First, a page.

Enterprise networking supplier Cisco said its revenue rose in all segments barring service provider video business in the fourth quarter.
Cisco revenue rose 3.9 percent to $12.8 billion in the fourth quarter ended July 25, 2015, while net income increased 3.2 percent to $2.3 billion. Cisco in the full fiscal year posted revenue of $49.2 billion with a growth of 4.3 percent, while net income increased 14.4 percent to $9 billion.
“The strong growth of deferred revenue shows we are very effectively driving our business to a more predictable software-based business model, at the same time as growing revenues and earnings,” said Chuck Robbins, Cisco chief executive officer.
Product revenue and service revenue each increased 4 percent.
Cisco achieved fourth quarter revenue growth of 14 percent in collaboration to $1,088 million, 14 percent in data center to $880 million, 2 percent in switching to $3,719 million, 3 percent in NGN routing to $1,992 million, 4 percent in security to $464 million and 7 percent in wireless to $715 million.
Service Provider Video revenue of Cisco dropped 7 percent to $994 million.
Revenue from Americas increased 7 percent, while both EMEA and APJC were flat. Cisco does not share revenue from India and China. This is the final quarter for Cisco under the aegis of John Chambers who stepped down as CEO after working for nearly two decades.
Frost & Sullivan Emerging Telecoms Director Ronald Gruia said: “Weaker enterprise spending trends could negatively impact the company, however for the current FQ, the commercial and public sector should see a positive bounce. We note that public sector earnings increased 7 percent in Q3, after experiencing the same 7 percent growth in Q2.”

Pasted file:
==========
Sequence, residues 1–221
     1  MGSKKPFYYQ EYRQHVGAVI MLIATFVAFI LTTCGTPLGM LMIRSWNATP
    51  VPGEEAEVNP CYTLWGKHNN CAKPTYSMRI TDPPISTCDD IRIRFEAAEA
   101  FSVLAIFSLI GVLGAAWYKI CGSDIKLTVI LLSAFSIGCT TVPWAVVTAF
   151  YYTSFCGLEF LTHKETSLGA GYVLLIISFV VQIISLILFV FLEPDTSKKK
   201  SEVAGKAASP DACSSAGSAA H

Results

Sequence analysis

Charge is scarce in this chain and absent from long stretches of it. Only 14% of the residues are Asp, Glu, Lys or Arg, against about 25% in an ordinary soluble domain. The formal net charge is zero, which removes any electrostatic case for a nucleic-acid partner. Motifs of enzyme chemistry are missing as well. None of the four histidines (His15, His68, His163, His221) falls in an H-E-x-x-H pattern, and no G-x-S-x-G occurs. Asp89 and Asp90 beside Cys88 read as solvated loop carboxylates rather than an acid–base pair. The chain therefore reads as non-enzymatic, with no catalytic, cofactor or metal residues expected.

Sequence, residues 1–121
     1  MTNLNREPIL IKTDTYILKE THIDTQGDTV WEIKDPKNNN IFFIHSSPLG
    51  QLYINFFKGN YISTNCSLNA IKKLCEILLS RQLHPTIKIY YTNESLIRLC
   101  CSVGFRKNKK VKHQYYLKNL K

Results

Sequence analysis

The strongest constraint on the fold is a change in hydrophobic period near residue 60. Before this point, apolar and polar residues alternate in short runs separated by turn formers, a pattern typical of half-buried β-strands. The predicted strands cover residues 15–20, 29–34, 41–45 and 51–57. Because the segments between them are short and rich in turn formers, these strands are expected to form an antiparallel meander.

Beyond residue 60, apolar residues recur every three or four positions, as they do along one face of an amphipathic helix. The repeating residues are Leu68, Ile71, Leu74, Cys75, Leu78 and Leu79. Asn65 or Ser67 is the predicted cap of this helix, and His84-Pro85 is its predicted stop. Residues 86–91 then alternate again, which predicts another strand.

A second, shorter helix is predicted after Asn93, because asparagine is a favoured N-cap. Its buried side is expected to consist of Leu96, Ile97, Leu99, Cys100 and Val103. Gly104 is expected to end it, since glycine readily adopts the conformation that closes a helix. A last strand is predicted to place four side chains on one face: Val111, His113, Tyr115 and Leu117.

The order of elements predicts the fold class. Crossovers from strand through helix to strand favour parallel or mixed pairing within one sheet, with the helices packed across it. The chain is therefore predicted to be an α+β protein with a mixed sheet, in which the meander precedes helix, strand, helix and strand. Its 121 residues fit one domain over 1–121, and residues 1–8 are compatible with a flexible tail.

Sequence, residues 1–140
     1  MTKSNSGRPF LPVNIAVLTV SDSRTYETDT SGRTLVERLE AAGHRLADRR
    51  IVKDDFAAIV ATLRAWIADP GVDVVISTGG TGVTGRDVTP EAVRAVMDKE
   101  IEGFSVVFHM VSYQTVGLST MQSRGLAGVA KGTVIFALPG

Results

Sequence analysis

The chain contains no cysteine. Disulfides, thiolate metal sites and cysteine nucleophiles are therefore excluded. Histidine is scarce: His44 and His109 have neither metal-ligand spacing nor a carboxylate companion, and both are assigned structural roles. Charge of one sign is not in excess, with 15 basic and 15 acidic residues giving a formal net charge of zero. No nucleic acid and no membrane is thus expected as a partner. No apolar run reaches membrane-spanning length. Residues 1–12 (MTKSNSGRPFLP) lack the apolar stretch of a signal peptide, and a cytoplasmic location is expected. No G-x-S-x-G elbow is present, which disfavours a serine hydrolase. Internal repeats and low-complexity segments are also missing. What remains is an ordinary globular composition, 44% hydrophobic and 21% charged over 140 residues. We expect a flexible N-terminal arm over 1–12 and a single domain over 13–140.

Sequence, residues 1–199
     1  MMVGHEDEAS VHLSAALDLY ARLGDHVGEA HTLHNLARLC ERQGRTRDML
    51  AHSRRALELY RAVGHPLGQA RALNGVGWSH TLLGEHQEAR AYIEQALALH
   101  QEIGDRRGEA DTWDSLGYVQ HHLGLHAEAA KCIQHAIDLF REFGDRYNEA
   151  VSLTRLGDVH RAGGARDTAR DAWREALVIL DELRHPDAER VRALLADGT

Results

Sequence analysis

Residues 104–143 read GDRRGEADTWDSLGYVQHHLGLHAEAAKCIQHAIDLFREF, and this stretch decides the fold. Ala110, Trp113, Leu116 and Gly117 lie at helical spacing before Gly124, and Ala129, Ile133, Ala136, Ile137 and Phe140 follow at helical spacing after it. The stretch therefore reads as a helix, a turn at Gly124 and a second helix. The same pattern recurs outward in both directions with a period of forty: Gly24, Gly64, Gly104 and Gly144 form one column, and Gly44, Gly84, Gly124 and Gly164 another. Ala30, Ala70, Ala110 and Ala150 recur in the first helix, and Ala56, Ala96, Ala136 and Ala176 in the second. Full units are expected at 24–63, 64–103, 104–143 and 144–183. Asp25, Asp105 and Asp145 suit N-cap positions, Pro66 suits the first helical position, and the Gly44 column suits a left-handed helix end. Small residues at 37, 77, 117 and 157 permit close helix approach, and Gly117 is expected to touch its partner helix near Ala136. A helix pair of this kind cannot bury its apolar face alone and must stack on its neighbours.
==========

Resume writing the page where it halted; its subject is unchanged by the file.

There will be more turbulence in service provider and emerging markets segments, representing 40 percent bookings. In spite of that, the recent results of competitors such as Juniper and Alcatel-Lucent, the service provider business (including areas such as carrier routing) could see a temporary improvement.
Frost & Sullivan said data center revenues could fall below consensus after some softness in Q2 and there could be further divestitures, after the sale of the Connected Devices Division to Technicolor announced in late July.
There will be quite a few questions to CEO Chuck Robbins regarding the new strategic priorities as the company navigates through major communications industry architectural shifts such as SDN and NFV.
Renewed focus areas could include security, Open DNS, data center, mobility and Application Centric Infrastructure (ACI). The campus portfolio can also become revitalized with the ongoing 802.11c upgrade cycle.